Unfortunately there is a lack of evidence specifically evaluating the nurse practitioner role in respiratory disease in primary care. However, a randomised controlled crossover trial of nurse practitioner versus doctor-led outpatient care in a bronchiectasis clinic showed that care provided by the nurse practitioner service was as safe and effective as that led by doctors (Sharples et al, 2002). This finding is similar to that in the study by Nathan et al (2006), which showed that follow-up care by a respiratory specialist nurse of patients admitted with acute asthma can be delivered with an effectiveness and safety comparable with that given by a doctor.
Nurses need education and training to manage the care of patients with respiratory disease, particularly those with co-morbidities and complex health needs. Specialist respiratory care is not about titles but ensuring that patients have access to a health professional who can assess all their needs and manage these effectively.
CASE STUDY: Assessing more than respiratory disease
Liz Bryant, a nurse practitioner for 16 years, based in Coventry, is a qualified nurse prescriber. As a lead respiratory practitioner, she is responsible for medication reviews and providing guidance in respiratory management to patients and colleagues.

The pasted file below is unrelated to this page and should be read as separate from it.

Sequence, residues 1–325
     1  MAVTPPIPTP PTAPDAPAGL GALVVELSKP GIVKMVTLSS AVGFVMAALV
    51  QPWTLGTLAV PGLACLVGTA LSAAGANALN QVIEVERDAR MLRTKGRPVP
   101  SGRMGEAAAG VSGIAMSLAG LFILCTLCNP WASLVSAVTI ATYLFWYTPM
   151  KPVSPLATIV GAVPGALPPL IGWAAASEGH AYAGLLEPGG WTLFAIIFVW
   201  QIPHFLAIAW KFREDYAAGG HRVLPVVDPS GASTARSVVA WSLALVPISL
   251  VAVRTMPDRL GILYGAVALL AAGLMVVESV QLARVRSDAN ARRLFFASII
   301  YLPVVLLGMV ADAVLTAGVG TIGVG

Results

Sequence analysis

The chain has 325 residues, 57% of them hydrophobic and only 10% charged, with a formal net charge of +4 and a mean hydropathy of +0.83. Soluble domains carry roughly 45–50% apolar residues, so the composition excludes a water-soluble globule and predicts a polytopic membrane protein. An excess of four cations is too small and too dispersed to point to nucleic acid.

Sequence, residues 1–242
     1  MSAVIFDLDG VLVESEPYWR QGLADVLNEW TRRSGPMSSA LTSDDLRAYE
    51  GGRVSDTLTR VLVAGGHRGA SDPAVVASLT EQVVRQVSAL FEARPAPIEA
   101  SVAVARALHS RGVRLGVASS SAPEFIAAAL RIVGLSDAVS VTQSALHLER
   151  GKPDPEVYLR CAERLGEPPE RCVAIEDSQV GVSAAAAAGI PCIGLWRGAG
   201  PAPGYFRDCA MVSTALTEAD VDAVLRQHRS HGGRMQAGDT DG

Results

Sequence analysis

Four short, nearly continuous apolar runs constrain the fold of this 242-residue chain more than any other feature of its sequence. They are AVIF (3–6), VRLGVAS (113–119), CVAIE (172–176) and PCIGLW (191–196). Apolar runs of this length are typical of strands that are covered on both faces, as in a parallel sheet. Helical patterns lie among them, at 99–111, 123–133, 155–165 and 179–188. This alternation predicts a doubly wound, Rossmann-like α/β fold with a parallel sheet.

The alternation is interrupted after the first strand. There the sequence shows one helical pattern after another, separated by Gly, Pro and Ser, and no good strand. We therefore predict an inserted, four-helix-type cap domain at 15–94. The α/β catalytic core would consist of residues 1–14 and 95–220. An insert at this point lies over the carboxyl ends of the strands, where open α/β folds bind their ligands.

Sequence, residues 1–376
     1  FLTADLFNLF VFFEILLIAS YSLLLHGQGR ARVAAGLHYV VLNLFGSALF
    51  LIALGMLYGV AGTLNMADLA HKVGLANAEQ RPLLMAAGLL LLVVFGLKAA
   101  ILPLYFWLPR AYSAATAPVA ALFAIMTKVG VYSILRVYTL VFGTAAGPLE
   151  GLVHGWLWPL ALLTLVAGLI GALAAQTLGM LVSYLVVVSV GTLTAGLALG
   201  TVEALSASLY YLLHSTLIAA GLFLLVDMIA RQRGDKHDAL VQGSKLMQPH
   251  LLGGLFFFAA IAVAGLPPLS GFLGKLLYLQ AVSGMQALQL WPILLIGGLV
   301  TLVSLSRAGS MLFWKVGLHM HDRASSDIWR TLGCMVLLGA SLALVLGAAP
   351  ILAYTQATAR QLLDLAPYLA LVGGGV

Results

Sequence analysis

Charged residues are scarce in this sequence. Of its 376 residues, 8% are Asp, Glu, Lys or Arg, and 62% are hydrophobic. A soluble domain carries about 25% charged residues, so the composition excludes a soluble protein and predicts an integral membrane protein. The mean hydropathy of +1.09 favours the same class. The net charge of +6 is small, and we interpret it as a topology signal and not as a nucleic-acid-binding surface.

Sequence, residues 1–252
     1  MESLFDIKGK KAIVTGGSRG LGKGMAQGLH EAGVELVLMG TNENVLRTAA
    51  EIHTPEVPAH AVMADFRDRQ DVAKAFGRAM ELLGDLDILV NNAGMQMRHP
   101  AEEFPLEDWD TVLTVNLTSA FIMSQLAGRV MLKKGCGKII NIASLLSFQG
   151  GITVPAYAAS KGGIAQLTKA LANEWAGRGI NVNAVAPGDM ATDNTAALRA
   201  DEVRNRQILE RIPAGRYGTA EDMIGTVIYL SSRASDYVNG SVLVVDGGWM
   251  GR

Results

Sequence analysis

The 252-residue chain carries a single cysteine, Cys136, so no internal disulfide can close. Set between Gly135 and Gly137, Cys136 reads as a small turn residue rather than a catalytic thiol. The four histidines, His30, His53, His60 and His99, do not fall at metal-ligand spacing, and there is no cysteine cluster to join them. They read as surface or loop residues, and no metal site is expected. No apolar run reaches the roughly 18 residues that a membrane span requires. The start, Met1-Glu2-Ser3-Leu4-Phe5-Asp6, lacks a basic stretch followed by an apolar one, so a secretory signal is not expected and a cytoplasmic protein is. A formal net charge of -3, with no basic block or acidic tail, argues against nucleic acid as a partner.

Mrs Smith is 63 and suffers from asthma, type 2 diabetes and coronary heart disease. She has had triple bypass grafts and is clinically obese. She lives with her 67-year-old husband.
Ms Bryant identified that Mrs Smith needed an asthma review by a 'flag' on the practice computer when Mrs Smith requested a repeat prescription.
Ms Bryant assessed Mrs Smith and found she had breathlessness at rest and at night. Her breathlessness woke her several times a night. She was sleeping with five pillows and found her night cough and the summer heat troublesome.
It would have been easy as a respiratory practitioner to conclude that Mrs Smith's asthma was the cause of these problems. Ms Bryant may have first suggested that her inhaler technique was checked and her concordance assessed before looking at increasing her medication.
Ms Bryant was aware there are many causes of breathlessness and took Mrs Smith's pulse, as she suspected a cardiac problem. She found her to have an irregular heartbeat. Mrs Smith described episodes when she has a 'fast heartbeat'. Ms Bryant carried out an ECG which revealed atrial fibrillation.
Mrs Smith was prescribed anti-platelet therapy, and Ms Bryant referred her for review of anticoagulation treatment and possible cardioversion. She is helping her manage her breathlessness and reassuring her that it is not caused by her asthma.